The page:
COVID-19 looms over Southern states already walloped by poor health
Like warning lights on a dashboard: that's how time and time again large parts of the South* appear on maps showing death rates from many of the country's top killers. One map shows heart disease, the nation's leading cause of death, slamming large parts of the South. Another shows diabetes deaths burdening Southern states at the highest rates. Map after map delivers the same message: Large swaths of the South are disproportionately afflicted by several chronic illnesses.
Enter COVID-19. The Atlanta-based Centers for Disease Control and Prevention (CDC) has published a list of potential risk factors for severe illness from the disease. Nearly all are underlying medical problems. Several, like diabetes and chronic lung disease, already severely impact large parts of the South.
Diabetes, which affects around 34 million people nationwide, has been most prevalent across parts of the Deep South and Appalachia. Chronic obstructive pulmonary disease (COPD), which makes breathing difficult, impacts some 16 million people across the country and has been most prevalent in several Southern states. In the chart above, COPD is part of the chronic lung disease category.
New research also shows that smoking significantly worsens COVID-19, and the states with the largest shares of adult cigarette users are in the South, according to the CDC. While 16 percent of the U.S. population smokes, that figure jumps to 21 percent in Louisiana, Mississippi and Tennessee; 23 percent in Arkansas and Kentucky; and 25 percent in West Virginia.
Health policy researchers worry that the high prevalence of several chronic health conditions across the South make the region's residents especially vulnerable to severe COVID-19 illness.
'A perfect storm'
For years, health policy researchers have documented the South's frail health. "Southerners as a group are generally more likely than those in the rest of the nation to have certain chronic illnesses and to experience worse health outcomes," said a 2016 Kaiser Family Foundation (KFF) report.
Fast-forward to April 2020, when KFF published a COVID-19 vulnerability map taking into account the CDC's list of potential risk factors. It shows Southerners under 65 are especially vulnerable to serious illness from the new coronavirus because of underlying health conditions.
Other researchers have come up with similar findings. An analysis by the Surgo Foundation, an international research group, looked at multiple indicators including socioeconomic status and epidemiological and health care factors to identify the places especially vulnerable to the pandemic. It found that the 10 most vulnerable counties for COVID-19 are in the South.
"There are communities or populations that have underlying health risks, and the South is definitely one compared to other regions," Lisa Dubay, a senior fellow at the Urban Institute's Health Policy Center, told Facing South. She noted that most states that have not expanded Medicaid, the public health care program for low-income people, are in the South. "I think that sets up a perfect storm," Dubay said. "The South is not set up to make it easier for people to get care, particularly low-income populations that may actually be on the front lines."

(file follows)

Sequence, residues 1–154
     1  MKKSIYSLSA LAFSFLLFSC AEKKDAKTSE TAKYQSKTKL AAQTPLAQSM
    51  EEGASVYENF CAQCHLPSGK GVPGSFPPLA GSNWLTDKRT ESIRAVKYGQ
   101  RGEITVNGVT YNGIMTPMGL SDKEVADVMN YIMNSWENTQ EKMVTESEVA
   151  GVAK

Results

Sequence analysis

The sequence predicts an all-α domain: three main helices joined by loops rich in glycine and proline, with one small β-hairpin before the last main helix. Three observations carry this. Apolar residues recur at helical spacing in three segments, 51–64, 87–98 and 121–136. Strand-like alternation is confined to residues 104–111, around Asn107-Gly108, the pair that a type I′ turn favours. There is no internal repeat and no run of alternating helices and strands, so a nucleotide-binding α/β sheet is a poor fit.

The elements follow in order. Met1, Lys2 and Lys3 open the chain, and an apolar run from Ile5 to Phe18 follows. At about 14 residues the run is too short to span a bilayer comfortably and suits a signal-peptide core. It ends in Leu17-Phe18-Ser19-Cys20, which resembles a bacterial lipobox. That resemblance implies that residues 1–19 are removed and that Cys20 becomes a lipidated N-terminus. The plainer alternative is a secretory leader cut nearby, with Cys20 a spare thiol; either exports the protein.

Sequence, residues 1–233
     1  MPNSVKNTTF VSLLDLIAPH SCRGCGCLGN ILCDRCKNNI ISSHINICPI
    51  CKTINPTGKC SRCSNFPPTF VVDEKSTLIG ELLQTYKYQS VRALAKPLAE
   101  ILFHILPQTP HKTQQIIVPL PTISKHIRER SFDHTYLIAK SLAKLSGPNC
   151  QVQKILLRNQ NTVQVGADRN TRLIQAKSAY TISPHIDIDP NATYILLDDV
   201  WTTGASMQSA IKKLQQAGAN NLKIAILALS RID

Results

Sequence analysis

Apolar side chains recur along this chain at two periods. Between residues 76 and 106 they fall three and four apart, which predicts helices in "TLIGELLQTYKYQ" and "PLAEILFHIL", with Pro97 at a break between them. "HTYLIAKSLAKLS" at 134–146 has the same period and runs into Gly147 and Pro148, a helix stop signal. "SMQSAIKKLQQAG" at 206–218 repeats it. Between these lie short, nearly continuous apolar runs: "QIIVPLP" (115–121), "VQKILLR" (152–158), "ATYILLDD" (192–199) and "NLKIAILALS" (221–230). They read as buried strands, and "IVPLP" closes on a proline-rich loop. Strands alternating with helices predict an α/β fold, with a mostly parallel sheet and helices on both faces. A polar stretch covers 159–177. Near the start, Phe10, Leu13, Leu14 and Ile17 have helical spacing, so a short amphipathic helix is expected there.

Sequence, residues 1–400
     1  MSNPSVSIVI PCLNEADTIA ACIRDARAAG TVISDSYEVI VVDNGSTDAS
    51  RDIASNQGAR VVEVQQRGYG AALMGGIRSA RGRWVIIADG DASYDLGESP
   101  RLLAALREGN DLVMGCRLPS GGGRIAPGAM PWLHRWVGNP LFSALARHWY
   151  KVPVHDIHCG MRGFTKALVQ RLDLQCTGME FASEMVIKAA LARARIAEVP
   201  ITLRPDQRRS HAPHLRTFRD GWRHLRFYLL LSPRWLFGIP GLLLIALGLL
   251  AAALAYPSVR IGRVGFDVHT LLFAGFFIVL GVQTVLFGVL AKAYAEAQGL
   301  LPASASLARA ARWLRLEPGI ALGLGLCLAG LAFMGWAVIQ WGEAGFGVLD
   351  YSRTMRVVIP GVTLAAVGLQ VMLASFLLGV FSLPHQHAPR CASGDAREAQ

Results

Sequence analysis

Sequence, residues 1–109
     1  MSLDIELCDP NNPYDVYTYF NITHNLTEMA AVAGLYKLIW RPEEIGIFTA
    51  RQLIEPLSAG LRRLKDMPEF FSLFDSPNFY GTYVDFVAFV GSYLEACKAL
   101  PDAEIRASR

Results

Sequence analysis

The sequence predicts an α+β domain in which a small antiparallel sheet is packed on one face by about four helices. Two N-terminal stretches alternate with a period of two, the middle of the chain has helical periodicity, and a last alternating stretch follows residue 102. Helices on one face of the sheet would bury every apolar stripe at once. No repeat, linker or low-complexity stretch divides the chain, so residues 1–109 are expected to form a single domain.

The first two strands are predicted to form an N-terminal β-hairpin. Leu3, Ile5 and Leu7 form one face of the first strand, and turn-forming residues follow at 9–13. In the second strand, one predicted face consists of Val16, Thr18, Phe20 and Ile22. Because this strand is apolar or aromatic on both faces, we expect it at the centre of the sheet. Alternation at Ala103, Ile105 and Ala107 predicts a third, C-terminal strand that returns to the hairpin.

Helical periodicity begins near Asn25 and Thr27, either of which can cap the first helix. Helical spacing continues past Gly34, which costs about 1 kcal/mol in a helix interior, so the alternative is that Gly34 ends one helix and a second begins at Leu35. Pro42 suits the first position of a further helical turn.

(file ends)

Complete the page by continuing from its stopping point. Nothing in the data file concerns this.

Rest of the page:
In addition, COVID-19 could widen already-existing racial disparities in the South, according to Samantha Artiga, who heads KFF's Disparities Policy Project. "Disparities in the South also have important implications for racial and ethnic disparities, particularly since Black individuals make up a greater share of the population in the South compared to other regions," she said.
Already across the South, preliminary state data shows black Americans are dying of COVID-19 in disproportionate numbers. An outbreak in the region could place vulnerable communities at risk of severe COVID-19 illness and widen these already-existing racial disparities in COVID-19 deaths.
So what now?
It all depends on disease transmission, said Michael Kramer, social epidemiologist and associate professor at Atlanta-based Emory University.
"For instance, we saw the large outbreak in southwest Georgia that started from a large gathering, a funeral presumably. Once established, it spread quickly," he told Facing South. "Whether or when other communities, particularly communities of color, experience excess burden depends on when or if the disease is introduced into those communities."
In nearly all of the South, the number of new cases of COVID-19 is either flat or increasing, according to The New York Times. Some states with a recent increase in newly reported cases have recently expanded testing capacity, the newspaper reports.
The recorded death toll from COVID-19 in the U.S. has surpassed 100,000. As of June 1, the Northeast is the region where the virus has taken the greatest toll, and the Southern states with the highest rates of death per 100,000 people from COVID-19 are Louisiana at 60, Mississippi at 25, and Georgia at 19. Black residents in these states have been overrepresented in COVID-19 death tolls relative to their share of the state population.
Artiga at KFF sees a bright spot amid the pandemic: It has increased awareness and understanding of geographic disparities and their implications. Acknowledging these disparities, she said, is "one key step forward in addressing them."
* Facing South defines the region as including Alabama, Arkansas, Florida, Georgia, Kentucky, Louisiana, Mississippi, North Carolina, South Carolina, Tennessee, Texas, Virginia, and West Virginia.
Rolando Zenteno is the inaugural recipient of the Julian Bond Fellowship with Facing South.